An abnormal walking or running pattern (gait) can produce a number of problems that prevent you from functioning normally. Gait analysis is the biomechanical examination of how a person walks or runs.
It is often necessary to look carefully at how you walk or run to identify the cause of your :
- acute or overuse injury
- posture-related problem
- movement-related problem
- painful feet, knees, hips or lower back.
Gait analysis and treatment is also commonly used to help sports people run more efficiently
Standard Gait Analysis:
Examination of your Gait (walking or running) and Posture is undertaken as part of our normal physiotherapy assessment of your musculo-skeletal problem. This incorporates the following:
- A full medical and social history
- Details on your levels of activity
- Observation of your:
- walking or running style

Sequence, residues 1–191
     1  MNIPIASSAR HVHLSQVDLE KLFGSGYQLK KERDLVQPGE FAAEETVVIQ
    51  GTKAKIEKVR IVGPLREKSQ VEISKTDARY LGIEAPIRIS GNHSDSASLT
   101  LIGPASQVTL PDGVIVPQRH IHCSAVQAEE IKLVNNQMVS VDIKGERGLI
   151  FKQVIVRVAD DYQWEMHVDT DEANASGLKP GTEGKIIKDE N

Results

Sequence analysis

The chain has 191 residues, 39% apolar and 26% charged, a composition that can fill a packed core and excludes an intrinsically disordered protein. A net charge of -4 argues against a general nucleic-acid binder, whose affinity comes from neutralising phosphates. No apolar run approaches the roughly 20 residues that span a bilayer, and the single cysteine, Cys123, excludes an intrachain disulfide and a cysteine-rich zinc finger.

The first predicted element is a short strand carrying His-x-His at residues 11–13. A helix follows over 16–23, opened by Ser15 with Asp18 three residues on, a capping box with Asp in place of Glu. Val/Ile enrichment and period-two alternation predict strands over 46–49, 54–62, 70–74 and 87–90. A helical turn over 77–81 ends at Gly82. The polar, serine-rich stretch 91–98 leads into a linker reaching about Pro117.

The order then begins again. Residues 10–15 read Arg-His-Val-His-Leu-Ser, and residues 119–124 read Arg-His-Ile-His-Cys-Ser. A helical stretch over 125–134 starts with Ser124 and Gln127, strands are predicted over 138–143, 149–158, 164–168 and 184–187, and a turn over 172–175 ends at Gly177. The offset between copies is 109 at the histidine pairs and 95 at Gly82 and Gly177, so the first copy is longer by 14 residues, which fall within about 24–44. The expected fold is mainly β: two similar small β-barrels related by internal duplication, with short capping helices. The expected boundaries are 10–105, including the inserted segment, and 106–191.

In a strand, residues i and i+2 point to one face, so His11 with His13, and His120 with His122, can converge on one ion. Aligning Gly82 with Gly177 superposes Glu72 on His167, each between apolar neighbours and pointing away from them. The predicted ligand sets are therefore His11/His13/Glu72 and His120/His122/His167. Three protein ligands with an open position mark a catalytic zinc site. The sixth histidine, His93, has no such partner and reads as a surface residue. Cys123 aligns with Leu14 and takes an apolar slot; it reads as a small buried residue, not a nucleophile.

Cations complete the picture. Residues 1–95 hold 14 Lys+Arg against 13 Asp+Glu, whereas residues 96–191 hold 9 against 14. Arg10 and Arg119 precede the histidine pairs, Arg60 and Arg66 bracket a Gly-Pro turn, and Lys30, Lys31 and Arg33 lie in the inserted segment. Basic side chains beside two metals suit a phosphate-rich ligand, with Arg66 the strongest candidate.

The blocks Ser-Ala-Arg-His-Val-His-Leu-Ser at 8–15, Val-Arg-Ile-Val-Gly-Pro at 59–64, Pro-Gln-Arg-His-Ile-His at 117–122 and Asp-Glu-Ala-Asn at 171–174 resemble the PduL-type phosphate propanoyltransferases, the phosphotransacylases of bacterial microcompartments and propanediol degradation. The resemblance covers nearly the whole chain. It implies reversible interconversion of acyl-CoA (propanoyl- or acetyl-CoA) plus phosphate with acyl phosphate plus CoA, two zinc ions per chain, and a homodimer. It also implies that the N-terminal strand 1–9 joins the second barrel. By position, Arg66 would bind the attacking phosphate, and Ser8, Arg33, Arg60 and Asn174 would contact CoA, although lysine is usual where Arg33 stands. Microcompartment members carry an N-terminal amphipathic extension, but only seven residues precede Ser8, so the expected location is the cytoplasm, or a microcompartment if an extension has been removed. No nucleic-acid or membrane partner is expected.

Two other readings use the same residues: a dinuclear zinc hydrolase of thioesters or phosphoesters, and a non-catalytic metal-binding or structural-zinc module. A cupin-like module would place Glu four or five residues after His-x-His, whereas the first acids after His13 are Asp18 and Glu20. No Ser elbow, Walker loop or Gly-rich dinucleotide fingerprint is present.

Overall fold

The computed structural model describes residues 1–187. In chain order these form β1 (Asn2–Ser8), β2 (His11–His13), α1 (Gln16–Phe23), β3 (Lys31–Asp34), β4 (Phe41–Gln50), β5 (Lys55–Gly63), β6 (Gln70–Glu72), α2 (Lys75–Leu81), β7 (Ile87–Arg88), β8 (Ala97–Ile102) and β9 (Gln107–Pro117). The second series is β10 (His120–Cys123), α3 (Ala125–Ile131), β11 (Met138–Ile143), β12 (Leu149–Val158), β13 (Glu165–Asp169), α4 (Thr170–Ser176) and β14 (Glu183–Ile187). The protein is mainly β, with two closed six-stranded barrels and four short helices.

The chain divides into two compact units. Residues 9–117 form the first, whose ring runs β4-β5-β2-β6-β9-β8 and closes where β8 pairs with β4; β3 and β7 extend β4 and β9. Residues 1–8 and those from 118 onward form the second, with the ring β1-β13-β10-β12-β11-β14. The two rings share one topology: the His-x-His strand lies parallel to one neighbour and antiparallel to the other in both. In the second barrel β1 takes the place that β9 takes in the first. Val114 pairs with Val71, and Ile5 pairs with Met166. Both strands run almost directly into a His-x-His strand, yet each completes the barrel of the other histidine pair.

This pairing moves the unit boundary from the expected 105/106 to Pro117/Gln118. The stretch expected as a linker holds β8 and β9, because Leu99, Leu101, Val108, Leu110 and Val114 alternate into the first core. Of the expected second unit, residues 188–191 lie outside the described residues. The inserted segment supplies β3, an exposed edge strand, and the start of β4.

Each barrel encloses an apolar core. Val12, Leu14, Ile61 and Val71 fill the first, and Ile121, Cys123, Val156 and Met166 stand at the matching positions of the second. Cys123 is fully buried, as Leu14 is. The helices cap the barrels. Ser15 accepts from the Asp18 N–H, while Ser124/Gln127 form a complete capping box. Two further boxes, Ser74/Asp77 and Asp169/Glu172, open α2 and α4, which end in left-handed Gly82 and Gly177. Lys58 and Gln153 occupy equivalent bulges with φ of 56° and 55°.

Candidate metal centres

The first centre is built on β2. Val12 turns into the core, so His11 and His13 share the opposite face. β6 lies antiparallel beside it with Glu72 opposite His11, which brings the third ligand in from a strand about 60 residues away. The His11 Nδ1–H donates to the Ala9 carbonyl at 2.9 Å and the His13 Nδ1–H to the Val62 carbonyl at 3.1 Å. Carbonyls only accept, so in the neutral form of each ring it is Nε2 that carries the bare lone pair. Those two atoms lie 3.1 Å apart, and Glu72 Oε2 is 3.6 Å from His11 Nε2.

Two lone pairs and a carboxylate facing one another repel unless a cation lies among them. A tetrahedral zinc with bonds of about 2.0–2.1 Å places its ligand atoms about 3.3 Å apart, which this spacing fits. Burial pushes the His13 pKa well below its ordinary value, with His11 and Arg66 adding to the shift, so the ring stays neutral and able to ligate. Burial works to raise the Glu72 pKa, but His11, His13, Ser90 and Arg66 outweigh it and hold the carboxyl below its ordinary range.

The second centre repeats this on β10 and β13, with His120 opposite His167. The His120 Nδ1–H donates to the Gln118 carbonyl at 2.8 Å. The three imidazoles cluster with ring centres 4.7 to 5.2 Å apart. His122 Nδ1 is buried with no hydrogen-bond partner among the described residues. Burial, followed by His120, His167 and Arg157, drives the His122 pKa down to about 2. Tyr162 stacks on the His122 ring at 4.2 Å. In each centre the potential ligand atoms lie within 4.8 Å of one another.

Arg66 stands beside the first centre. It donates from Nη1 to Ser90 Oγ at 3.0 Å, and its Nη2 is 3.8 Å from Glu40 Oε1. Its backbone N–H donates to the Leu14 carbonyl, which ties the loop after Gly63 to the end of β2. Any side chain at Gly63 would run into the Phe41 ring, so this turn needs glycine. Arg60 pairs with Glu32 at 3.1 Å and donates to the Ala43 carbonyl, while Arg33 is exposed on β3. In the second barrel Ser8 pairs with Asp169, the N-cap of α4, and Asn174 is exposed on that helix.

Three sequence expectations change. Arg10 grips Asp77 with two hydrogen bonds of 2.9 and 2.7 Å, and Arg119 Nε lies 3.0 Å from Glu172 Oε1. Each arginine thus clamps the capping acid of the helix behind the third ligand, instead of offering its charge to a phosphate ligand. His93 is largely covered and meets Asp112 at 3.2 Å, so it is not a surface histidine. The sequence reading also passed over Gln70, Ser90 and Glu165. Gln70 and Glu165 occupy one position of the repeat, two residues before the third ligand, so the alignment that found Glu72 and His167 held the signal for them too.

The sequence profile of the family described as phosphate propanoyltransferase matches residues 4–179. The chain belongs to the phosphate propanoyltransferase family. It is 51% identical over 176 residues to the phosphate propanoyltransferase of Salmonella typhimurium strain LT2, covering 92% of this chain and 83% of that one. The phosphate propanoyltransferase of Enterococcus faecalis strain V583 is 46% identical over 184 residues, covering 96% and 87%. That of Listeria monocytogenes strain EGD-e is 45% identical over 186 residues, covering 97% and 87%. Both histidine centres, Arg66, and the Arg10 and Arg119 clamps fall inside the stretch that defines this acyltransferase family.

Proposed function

- Examination of your joints, muscles and tendons
- A diagnosis and explanation of the problem
- Treatment and Rehabilitation
Bespoke Biomechanical Anaysis:
For more complex or longstanding problems a more detailed Biomechanical Assessment may be necessary. Orthpaedic surgeons, Sports doctors and Coaches and other health professionals, frequently ask our advice when clients problems are not resolved with surgery or standard therapeutic interventions provided by physiotherapists, osteopaths, chiropractors or other health professionals. The analysis includes the above physiotherapy assessment as standard, in conjunction with analysis of your posture and walking or running gait using sospisticated biomechanical analysis systems in our biomechanics lab. This assessment, incorporates postural analysis software programmes, high speed motion analysis and sports analysis software programmes, RSScan footscan of the pressures, angles and timing through each foot and footwear analysis.
Example of How Gait Analysis can help Diagnose the Cause of an Overuse Injury:
Analysis of the Cause of ITB Friction Syndrome in a Marathon Runner:
The video show the pelvis dipping excessivley due to poor gluteal muscle control over the (L) side. This has led to the knee moving into a "valgus" (knock knee position), triggering adverse friction of the outside ITB tendon against the thigh bone - causing pain and inflammation. This problem was resolved with "dynamic" physio-stability (core) exercsie therapy incorporating EMG Biofeedback of muscle activity.